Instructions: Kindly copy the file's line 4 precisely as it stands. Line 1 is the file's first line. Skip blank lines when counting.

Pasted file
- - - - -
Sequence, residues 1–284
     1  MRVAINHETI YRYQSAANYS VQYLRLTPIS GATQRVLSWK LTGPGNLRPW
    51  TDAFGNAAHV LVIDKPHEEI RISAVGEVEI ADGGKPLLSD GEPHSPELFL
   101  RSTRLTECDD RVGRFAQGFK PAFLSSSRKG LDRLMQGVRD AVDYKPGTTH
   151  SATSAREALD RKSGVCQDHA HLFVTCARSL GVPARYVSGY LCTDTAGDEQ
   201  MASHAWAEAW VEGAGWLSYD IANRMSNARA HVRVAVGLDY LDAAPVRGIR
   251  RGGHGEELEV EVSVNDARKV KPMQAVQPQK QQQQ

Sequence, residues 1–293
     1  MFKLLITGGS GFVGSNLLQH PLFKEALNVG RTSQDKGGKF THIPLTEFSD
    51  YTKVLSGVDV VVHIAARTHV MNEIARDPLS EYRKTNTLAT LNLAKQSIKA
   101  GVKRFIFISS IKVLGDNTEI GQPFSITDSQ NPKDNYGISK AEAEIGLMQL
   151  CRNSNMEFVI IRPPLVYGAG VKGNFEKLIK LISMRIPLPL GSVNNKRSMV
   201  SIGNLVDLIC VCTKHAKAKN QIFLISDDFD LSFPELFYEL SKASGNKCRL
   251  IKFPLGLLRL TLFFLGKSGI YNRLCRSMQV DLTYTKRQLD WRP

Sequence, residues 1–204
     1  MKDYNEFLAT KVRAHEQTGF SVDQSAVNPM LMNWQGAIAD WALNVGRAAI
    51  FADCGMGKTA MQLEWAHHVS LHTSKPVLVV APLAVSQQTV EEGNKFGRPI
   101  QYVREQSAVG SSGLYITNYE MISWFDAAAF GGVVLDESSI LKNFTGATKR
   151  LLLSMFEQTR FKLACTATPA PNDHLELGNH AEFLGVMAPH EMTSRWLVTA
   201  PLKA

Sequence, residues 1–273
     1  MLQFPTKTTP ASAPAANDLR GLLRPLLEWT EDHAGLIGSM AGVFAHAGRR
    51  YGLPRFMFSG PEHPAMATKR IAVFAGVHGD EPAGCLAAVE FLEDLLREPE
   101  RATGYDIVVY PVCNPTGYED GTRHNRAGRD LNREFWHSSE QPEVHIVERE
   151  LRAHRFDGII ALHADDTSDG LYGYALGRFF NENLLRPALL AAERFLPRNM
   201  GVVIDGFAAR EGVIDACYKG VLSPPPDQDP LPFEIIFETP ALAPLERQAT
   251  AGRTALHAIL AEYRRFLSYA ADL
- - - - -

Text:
   101  RSTRLTECDD RVGRFAQGFK PAFLSSSRKG LDRLMQGVRD AVDYKPGTTH